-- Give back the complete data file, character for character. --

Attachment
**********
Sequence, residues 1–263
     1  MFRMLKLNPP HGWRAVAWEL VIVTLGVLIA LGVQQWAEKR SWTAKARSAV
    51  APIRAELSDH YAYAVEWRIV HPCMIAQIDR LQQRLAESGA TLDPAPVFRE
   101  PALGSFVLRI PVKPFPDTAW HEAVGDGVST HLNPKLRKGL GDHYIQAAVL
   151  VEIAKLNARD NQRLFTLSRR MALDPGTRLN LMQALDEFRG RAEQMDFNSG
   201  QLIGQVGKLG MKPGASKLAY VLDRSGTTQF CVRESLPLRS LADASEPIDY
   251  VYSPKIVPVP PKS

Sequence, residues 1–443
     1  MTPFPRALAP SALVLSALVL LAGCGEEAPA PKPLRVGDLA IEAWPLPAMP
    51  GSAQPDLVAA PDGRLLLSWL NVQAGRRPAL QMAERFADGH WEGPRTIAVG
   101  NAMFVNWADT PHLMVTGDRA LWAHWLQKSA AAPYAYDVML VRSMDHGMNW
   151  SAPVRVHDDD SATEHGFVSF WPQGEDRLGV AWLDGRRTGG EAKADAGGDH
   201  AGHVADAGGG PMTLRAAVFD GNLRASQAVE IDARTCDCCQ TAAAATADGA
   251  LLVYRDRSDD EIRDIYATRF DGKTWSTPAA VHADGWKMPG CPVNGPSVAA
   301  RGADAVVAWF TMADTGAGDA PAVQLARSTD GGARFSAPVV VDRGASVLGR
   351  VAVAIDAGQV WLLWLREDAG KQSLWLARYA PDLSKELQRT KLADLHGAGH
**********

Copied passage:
Sequence, residues 1–263
     1  MFRMLKLNPP HGWRAVAWEL VIVTLGVLIA LGVQQWAEKR SWTAKARSAV
    51  APIRAELSDH YAYAVEWRIV HPCMIAQIDR LQQRLAESGA TLDPAPVFRE
   101  PALGSFVLRI PVKPFPDTAW HEAVGDGVST HLNPKLRKGL GDHYIQAAVL
   151  VEIAKLNARD NQRLFTLSRR MALDPGTRLN LMQALDEFRG RAEQMDFNSG
   201  QLIGQVGKLG MKPGASKLAY VLDRSGTTQF CVRESLPLRS LADASEPIDY
   251  VYSPKIVPVP PKS

Sequence, residues 1–443
     1  MTPFPRALAP SALVLSALVL LAGCGEEAPA PKPLRVGDLA IEAWPLPAMP
    51  GSAQPDLVAA PDGRLLLSWL NVQAGRRPAL QMAERFADGH WEGPRTIAVG
   101  NAMFVNWADT PHLMVTGDRA LWAHWLQKSA AAPYAYDVML VRSMDHGMNW
   151  SAPVRVHDDD SATEHGFVSF WPQGEDRLGV AWLDGRRTGG EAKADAGGDH
   201  AGHVADAGGG PMTLRAAVFD GNLRASQAVE IDARTCDCCQ TAAAATADGA
   251  LLVYRDRSDD EIRDIYATRF DGKTWSTPAA VHADGWKMPG CPVNGPSVAA
   301  RGADAVVAWF TMADTGAGDA PAVQLARSTD GGARFSAPVV VDRGASVLGR
   351  VAVAIDAGQV WLLWLREDAG KQSLWLARYA PDLSKELQRT KLADLHGAGH